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How social media helped address the gaps in distance learning

By Hannah Mallorca Published Feb 05, 2021 5:02 am

Public schools in the Philippines suffer from a lack of resources and learning materials. The COVID-19 pandemic emphasized this more as schools transitioned to distance and modular learning.

Amid the pandemic, a content producer and Sangguniang Kabataan (SK) councilor recognized the hardships of Pinagtong-ulan Integrated National High School (PINHS)—a public high school in Lipa, Batangas. Through social media and constant interactions with the barangay folk, Janelle Lorzano reached out to the PINHS community to ensure that no one gets left behind. 

PINHS has a limited budget for distance learning, lacks electronic devices and modules, and its students struggle with limited access to the internet, according to Janelle.

“The students and teachers answered a survey to properly address the problem. After conducting the survey and addressing its solutions, I consulted the high school principal if these solutions could help the community. During my first visit last October, I was given a chance to personally talk to the teachers where they told me their struggles,” Janelle shares.

Janelle reached out to the PINHS community through online surveys and discussions with the principal.

Based on the survey answers and visits, Janelle implemented three projects—Pahiram, Ugnayan and Pag-abotto help the PINHS community.

“Social media became vital in this journey. The inspiring stories of students doing their best just to cope during the pandemic made me more eager to help them,” Janelle shares, citing how her jobs played a vital role in her projects.

Pahiram was patterned after the Angat Buhay initiative of the Office of the Vice President. This aims to lend used but working mobile devices to assist students in blended learning and communicate with their teachers.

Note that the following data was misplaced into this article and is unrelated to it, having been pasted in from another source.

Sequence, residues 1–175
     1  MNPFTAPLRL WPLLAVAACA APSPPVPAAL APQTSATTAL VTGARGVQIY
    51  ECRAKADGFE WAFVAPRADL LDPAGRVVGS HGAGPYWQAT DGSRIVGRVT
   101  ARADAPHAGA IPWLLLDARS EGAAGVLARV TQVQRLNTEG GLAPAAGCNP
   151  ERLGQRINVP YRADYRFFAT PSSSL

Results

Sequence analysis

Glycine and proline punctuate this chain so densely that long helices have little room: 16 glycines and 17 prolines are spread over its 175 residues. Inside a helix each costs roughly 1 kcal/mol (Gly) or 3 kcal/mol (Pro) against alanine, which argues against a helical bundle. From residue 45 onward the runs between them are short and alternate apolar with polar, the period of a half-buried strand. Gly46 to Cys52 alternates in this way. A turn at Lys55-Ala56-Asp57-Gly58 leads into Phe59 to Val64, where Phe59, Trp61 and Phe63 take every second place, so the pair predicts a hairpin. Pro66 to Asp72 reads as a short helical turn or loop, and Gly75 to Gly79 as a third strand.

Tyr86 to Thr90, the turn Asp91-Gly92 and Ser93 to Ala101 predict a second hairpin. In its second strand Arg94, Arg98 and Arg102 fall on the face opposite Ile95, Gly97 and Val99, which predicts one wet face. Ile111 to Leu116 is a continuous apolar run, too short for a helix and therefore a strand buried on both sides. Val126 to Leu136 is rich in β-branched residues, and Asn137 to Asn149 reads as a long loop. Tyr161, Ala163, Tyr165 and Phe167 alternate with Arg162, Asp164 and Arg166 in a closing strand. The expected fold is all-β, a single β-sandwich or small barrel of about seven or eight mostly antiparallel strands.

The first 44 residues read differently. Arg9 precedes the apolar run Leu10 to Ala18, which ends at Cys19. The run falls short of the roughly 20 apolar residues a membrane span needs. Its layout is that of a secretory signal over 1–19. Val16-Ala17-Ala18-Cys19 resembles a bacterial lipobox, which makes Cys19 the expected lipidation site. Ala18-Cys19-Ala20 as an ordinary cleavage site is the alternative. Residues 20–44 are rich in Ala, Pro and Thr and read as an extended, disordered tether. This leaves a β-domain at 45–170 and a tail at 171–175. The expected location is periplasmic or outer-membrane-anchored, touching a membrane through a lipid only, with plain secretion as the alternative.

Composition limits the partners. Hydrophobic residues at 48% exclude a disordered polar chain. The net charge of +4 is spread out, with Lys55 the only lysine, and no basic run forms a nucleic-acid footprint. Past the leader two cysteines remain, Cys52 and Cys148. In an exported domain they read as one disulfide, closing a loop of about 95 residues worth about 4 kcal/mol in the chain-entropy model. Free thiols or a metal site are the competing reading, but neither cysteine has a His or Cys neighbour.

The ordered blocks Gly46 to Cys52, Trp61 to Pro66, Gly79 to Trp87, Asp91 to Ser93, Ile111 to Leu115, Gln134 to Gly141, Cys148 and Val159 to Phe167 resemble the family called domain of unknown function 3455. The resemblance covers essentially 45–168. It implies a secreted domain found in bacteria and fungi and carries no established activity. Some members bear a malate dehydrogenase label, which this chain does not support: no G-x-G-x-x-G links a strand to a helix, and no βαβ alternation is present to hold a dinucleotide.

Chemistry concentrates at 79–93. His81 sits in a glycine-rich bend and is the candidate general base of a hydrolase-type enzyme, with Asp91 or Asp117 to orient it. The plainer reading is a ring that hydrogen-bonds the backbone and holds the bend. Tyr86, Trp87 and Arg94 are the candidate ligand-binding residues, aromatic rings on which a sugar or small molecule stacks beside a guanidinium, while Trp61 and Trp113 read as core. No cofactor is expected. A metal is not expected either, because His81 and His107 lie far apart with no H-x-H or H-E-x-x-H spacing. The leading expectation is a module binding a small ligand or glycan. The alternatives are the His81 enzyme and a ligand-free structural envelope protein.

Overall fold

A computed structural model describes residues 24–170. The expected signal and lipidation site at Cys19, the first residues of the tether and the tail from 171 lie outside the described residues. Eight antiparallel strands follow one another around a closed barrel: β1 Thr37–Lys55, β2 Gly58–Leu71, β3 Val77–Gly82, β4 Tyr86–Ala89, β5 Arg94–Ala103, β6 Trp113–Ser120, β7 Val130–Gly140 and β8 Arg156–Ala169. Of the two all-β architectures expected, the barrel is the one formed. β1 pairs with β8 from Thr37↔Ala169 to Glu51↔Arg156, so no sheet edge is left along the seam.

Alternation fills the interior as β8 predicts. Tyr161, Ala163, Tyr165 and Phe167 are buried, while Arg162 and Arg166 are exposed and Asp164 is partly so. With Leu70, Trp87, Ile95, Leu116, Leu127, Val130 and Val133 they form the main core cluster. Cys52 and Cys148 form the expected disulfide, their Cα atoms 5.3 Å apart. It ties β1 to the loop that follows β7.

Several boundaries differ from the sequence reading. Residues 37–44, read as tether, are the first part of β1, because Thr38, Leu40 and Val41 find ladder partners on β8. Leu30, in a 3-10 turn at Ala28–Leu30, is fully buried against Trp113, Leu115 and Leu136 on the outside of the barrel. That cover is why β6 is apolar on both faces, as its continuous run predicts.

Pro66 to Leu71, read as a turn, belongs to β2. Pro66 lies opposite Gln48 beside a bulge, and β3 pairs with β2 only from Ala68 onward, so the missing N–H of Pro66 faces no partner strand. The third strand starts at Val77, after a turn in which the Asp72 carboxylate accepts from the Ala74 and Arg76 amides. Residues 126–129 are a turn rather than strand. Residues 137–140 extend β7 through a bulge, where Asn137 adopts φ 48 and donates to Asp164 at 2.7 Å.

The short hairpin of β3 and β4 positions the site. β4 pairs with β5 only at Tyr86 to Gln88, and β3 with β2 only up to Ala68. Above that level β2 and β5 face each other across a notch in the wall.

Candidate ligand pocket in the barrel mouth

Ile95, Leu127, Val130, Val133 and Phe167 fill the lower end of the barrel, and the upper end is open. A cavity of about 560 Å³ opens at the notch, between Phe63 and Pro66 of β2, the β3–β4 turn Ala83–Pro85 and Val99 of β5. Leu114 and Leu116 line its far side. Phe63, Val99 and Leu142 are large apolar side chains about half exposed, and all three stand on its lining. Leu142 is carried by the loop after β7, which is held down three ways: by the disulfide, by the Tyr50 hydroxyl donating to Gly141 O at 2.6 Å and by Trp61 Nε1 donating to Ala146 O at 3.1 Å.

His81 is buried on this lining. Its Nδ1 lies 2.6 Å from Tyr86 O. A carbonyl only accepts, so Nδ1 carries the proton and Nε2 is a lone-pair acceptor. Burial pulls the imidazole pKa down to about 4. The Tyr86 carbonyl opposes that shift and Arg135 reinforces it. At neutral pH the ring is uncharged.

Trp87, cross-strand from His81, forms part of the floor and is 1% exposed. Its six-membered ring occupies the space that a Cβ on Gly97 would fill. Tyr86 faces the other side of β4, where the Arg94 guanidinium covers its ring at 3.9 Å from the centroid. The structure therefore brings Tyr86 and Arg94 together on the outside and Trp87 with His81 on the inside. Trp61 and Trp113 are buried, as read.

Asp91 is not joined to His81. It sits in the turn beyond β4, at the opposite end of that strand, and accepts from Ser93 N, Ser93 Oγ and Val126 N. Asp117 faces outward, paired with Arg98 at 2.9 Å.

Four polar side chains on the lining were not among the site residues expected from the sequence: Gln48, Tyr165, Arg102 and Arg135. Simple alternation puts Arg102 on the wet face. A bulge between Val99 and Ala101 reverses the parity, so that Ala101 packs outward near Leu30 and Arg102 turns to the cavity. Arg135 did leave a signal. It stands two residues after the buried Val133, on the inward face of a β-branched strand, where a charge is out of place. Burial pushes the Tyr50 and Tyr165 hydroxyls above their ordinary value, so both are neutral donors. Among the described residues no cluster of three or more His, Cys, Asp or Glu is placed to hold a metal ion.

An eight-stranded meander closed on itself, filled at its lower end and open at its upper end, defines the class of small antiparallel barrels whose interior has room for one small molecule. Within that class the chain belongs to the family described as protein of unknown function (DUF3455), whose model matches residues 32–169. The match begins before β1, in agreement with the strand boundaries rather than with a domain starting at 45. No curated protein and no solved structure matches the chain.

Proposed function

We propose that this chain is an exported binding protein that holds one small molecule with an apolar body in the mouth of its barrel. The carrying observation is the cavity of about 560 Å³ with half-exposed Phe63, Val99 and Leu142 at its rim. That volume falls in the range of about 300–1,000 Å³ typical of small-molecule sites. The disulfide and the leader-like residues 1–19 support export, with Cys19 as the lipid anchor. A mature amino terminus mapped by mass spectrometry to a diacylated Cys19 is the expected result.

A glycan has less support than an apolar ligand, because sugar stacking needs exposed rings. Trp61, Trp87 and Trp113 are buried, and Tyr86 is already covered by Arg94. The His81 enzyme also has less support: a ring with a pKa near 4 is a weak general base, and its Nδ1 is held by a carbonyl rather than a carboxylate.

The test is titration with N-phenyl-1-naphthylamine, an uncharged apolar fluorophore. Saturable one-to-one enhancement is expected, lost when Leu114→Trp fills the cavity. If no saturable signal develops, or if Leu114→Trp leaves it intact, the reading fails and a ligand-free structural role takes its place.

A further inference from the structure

Ugnayan provides prepaid load for mobile internet to help students with research and other school activities. The initiative allows one barangay resident to provide P50 of load per week or P200 of load per month to one or more students.

Meanwhile, Pag-abot calls for in-kind donations such as bond papers, pens, pencils, intermediate pads and other school supplies. Donors can drop off their donations at Barangay Pinagtong-ulan’s Barangay Hall or coordinate with the SK officials.

Janelle's work as a content producer and SK councilor played a big role in helping the PINHS community.

Admittedly, Janelle initially struggled in convincing her fellow ka-barangays to participate. 

“I just tried my luck when I announced it on our official Facebook page. I told myself, ‘If no one sponsors my project, I will still continue, using my money.’ During the first day, many students reached out for assistance, but no one filled out the Google forms to be a donor. I couldn’t explain the feeling since I knew many people were also financially unstable at the time. I just kept on sharing my post, hoping that I could reach a potential donor,” she explains, looking back at how she started.

Eventually, it was Janelle’s aunt, also a graduate of PINHS, who inspired her to keep going. Her aunt donated school supplies and load, and before long, people started filling out the donor forms, sending prepaid load, and providing home WiFi for the students.

Seeing messages from the PINHS community makes Janelle’s heart full. She hopes to help more students with their education and to spread more hope.

“I’m only an instrument because our generous donors made everything possible. Giving up will never be an option if you really want to help other people, and little contributions can lead to something bigger,” Janelle says.

As of this writing, Janelle is helping the PINHS’ junior and senior high school students. Once she gathers enough funds, she plans to expand the assistance to other grade levels.

Once Janelle gathers enough funds, she plans to expand her projects to other grade levels.

No student and teacher should be left behind as schools transition to online platforms. But for Janelle, small steps can help students adjust to the challenges of online and blended learning. This is her #KwentoNgTagumpay.

The Philippine STAR, Globe and its Facebook community, Hope Bank, have joined hands to help uplift Filipinos’ spirit, especially during the pandemic. Through #KwentoNgTagumpay, they bring inspiring stories from people who chose to hope and believe. Watch #KwentoNgTagumpay stories in The Philippine STAR’s Facebook page.

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